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Cambodian Election Body Warns Against Polls Boycott

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PHNOM PENH – Cambodia’s Natio­nal Election Committee warned that anyone urging voters to boycott the upcoming general election or otherwise interfere in the polls could face criminal charges and be fined, in response to a boycott call by the head of the country’s now-dissolved opposition party.

Sam Rainsy, the self-exiled leader of what had been the Cambodia National Rescue Party, said that over the weekend voters should not vote if his party is not allowed to contest the July 29 election.

The party was dissolved in November by a court order after the government filed a complaint alleging it was involved in treasonous activities.

All of its lawmakers were tossed out of parliament and party leaders have been subject to legal harassment, with one founder in exile and the other in jail awaiting trial on a treason charge.

“I also call on national and international observers to refrain from observing an electoral farce with a foregone conclusion.”

The moves against the opposition, along with a crackdown on the media that has silenced almost all critical voices inside the country, is seen as an effort by the government of Prime Minister Hun Sen to ensure that it prevails at the polls, after signs of softening support in the last general election in 2013 and local elections last year.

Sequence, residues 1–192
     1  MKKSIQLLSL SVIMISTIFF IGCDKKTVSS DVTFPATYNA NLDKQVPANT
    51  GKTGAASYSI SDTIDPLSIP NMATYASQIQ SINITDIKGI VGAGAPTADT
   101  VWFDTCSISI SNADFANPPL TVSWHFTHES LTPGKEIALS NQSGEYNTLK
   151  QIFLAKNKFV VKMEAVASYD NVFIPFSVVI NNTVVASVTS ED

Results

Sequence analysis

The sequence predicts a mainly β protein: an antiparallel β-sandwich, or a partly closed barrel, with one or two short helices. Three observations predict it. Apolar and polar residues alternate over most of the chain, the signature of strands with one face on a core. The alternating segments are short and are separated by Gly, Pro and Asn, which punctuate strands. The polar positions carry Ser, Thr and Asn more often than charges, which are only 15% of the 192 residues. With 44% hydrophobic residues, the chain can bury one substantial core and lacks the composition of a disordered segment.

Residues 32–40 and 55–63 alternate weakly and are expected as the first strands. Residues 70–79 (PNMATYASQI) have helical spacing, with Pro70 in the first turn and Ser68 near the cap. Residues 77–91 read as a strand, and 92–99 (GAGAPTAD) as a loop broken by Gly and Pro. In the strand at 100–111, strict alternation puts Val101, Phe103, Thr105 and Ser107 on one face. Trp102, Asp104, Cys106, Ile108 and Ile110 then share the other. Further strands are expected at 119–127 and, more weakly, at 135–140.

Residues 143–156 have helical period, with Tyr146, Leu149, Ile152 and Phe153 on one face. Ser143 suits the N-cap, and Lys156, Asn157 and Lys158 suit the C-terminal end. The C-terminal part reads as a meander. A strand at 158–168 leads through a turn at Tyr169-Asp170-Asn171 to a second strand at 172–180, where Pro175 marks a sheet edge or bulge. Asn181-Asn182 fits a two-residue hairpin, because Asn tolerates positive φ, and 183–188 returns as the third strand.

The statement from the National Election Committee took note that “some individuals” urged voters and observers to boycott the election, having described it as illegitimate.

It said the planned participation of many small parties proved that the polls were legitimate and allowed opposition.

Critics have charged that the parties that plan to take part are either small or irrelevant, or creations manipulated by Hun Sen’s ruling Cambodian People’s Party.

The statement warned that any people appealing to voters not to turn out to vote or cause trouble to the election process could be fined between five million riel (RM4,839) and 20 million riel (RM19,357), along with criminal penalties it did not specify.

Sok Eysan, the spokesman for Hun Sen’s ruling party, said the appeal by Sam Rainsy was useless and the voters will go to vote as normal, with at least 10 political parties taking part in the election.

“I have no worry at all in regard to the appeal of Sam Rainsy calling for the Cambodian people to boycott the election,” he said. — AP


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